An Apache attack helicopter belonging to 4 Regiment, 656 Squadron, Army Air Corps made the first landing of this aircraft type on HMS Queen Elizabeth on 3rd June.
The Apache AH-1 Longbow has been embarked while the ship is alongside in Portsmouth. This is not a flying trial but a series of test to ensure the aircraft can be handled and supported by the ship. Movement around the flight deck, aircraft lifts and hangar, as well as refuelling and re-arming procedures, are trialled during what is officially known as Platform Ship Integration Testing (PSIT). RN aircraft handlers must become familiar with the aircraft and AAC personnel will need to re-acquaint themselves with life at sea and a very different ship – the Apache was last deployed at sea on HMS Ocean.
The PSITs are expected to take 3 days before the Apache returns to its base at Wattisham Airfield. HMS Queen Elizabeth is scheduled to sail for another series of helicopter trials in the Eastern Atlantic in July. When she sails an Apache of 667 (Development & Trials) Squadron, based at Middle Wallop will embark to conduct Ship-Helicopter Operating Limits (SHOL) clearance trials. Assessments will be made about the maximum sea state and wind speed the aircraft can operate from the QEC carriers while carrying various weapon and fuel loads. This will prepare the ship and aircrew to deploy the Apache operationally on the QEC carriers when required as part of the CV Air Wing (SHOLs have already been conducted for the Merlin, Wildcat and Chinook). The potent attack helicopter is likely to be embarked when the QEC at employed in the ‘Littoral Manoeuvre’ / assault ship role. With the axing of the Harriers, Apache’s flying from HMS Ocean provided a limited stop-gap carrier strike capability during operations over Libya in 2011.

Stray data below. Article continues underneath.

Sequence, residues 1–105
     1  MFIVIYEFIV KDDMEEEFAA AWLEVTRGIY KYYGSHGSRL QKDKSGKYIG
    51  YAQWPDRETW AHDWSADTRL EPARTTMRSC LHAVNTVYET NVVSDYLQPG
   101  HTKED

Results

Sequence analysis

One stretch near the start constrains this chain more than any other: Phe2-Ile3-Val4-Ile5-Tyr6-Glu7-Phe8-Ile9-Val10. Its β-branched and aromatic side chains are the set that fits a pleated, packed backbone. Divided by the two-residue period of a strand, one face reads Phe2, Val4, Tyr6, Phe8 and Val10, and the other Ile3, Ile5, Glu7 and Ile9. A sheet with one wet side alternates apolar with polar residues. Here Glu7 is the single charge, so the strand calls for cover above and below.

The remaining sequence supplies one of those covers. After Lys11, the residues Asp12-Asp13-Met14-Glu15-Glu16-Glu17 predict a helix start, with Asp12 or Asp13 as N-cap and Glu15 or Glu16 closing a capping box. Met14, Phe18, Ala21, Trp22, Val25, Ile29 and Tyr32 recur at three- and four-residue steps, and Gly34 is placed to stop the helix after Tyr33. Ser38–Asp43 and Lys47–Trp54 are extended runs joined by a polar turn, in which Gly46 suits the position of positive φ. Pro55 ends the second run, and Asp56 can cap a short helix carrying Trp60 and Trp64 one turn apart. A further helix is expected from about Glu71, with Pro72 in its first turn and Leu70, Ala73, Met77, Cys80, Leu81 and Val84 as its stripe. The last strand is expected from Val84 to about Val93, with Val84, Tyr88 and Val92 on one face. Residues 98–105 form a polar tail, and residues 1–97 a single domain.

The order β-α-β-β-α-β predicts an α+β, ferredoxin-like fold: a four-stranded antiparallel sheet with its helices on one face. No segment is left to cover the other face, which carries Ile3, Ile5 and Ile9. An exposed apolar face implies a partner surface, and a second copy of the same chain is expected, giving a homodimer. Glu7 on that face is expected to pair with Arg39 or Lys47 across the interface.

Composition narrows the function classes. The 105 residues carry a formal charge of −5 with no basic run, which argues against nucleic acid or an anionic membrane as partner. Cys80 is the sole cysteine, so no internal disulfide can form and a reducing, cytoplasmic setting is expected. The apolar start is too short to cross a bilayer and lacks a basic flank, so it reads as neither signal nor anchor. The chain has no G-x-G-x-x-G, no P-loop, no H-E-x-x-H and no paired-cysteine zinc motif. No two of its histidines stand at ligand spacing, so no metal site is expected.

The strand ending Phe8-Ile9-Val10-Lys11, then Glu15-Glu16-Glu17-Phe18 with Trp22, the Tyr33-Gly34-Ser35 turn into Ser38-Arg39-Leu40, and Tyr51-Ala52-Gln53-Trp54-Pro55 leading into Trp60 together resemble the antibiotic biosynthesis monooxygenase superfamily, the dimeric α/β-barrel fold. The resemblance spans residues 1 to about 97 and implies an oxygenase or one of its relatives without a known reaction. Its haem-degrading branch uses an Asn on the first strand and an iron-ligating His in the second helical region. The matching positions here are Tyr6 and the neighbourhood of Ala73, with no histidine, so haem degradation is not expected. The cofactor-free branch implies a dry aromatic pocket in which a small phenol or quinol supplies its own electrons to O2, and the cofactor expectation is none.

Some AH-1s have received the enhanced corrosion protection package to protect them from salt spray damage in the marine environment. The Army is going to replace its 66 AH-1s with 50 AH-64E Apache Guardians and it is assumed that marinisation measures including floatation bags will be applied to at least some of the new aircraft so they have the flexibility to be deployed on the carriers when called for. It has not been confirmed if the new aircraft will be fitted with folding rotors in the same way as the much altered UK-built AH-1 Apaches, although it would be very short-sighted not to make this important modification. 38 Apache Guardians are on order from Boeing at present with the plan that all 50 will be delivered to the Army by 2025.